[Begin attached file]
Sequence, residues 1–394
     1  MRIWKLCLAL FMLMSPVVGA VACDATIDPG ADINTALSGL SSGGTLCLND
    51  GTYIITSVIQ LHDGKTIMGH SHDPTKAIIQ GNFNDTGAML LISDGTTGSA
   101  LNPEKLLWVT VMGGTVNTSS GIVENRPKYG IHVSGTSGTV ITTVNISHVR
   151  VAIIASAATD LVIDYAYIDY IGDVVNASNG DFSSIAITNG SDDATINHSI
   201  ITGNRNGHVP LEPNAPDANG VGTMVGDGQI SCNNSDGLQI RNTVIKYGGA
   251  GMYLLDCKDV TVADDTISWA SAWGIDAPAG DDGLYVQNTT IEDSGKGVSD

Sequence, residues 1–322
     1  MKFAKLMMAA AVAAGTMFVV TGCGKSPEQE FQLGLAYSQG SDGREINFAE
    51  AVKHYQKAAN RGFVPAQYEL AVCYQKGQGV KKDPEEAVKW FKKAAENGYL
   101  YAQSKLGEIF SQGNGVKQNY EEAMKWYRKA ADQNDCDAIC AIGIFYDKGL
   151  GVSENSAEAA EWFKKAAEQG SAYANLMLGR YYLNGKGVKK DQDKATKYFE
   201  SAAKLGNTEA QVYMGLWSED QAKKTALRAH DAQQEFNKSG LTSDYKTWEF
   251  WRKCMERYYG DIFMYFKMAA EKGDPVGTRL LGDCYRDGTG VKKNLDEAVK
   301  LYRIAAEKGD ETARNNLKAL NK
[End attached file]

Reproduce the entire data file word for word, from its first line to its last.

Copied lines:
Sequence, residues 1–394
     1  MRIWKLCLAL FMLMSPVVGA VACDATIDPG ADINTALSGL SSGGTLCLND
    51  GTYIITSVIQ LHDGKTIMGH SHDPTKAIIQ GNFNDTGAML LISDGTTGSA
   101  LNPEKLLWVT VMGGTVNTSS GIVENRPKYG IHVSGTSGTV ITTVNISHVR
   151  VAIIASAATD LVIDYAYIDY IGDVVNASNG DFSSIAITNG SDDATINHSI
   201  ITGNRNGHVP LEPNAPDANG VGTMVGDGQI SCNNSDGLQI RNTVIKYGGA
   251  GMYLLDCKDV TVADDTISWA SAWGIDAPAG DDGLYVQNTT IEDSGKGVSD

Sequence, residues 1–322
     1  MKFAKLMMAA AVAAGTMFVV TGCGKSPEQE FQLGLAYSQG SDGREINFAE
    51  AVKHYQKAAN RGFVPAQYEL AVCYQKGQGV KKDPEEAVKW FKKAAENGYL
   101  YAQSKLGEIF SQGNGVKQNY EEAMKWYRKA ADQNDCDAIC AIGIFYDKGL
   151  GVSENSAEAA EWFKKAAEQG SAYANLMLGR YYLNGKGVKK DQDKATKYFE
   201  SAAKLGNTEA QVYMGLWSED QAKKTALRAH DAQQEFNKSG LTSDYKTWEF
   251  WRKCMERYYG DIFMYFKMAA EKGDPVGTRL LGDCYRDGTG VKKNLDEAVK
   301  LYRIAAEKGD ETARNNLKAL NK